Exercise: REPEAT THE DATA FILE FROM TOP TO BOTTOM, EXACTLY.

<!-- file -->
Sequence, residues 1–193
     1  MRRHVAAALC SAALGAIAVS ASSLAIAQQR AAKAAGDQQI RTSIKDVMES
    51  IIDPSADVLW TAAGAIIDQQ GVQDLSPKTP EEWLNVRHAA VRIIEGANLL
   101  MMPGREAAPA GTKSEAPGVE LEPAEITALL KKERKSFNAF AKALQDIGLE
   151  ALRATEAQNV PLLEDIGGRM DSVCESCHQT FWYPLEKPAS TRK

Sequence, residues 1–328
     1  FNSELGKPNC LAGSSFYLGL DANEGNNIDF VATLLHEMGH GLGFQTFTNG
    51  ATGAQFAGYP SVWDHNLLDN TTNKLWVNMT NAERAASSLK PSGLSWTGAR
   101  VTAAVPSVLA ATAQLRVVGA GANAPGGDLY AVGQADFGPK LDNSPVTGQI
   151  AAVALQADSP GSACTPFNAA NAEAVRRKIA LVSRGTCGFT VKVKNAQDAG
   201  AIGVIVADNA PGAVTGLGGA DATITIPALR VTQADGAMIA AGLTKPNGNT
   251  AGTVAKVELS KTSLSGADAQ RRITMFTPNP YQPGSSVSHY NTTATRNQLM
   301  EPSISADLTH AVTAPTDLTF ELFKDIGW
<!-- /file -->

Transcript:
Sequence, residues 1–193
     1  MRRHVAAALC SAALGAIAVS ASSLAIAQQR AAKAAGDQQI RTSIKDVMES
    51  IIDPSADVLW TAAGAIIDQQ GVQDLSPKTP EEWLNVRHAA VRIIEGANLL
   101  MMPGREAAPA GTKSEAPGVE LEPAEITALL KKERKSFNAF AKALQDIGLE
   151  ALRATEAQNV PLLEDIGGRM DSVCESCHQT FWYPLEKPAS TRK

Sequence, residues 1–328
     1  FNSELGKPNC LAGSSFYLGL DANEGNNIDF VATLLHEMGH GLGFQTFTNG
    51  ATGAQFAGYP SVWDHNLLDN TTNKLWVNMT NAERAASSLK PSGLSWTGAR
   101  VTAAVPSVLA ATAQLRVVGA GANAPGGDLY AVGQADFGPK LDNSPVTGQI
   151  AAVALQADSP GSACTPFNAA NAEAVRRKIA LVSRGTCGFT VKVKNAQDAG
   201  AIGVIVADNA PGAVTGLGGA DATITIPALR VTQADGAMIA AGLTKPNGNT
   251  AGTVAKVELS KTSLSGADAQ RRITMFTPNP YQPGSSVSHY NTTATRNQLM
   301  EPSISADLTH AVTAPTDLTF ELFKDIGW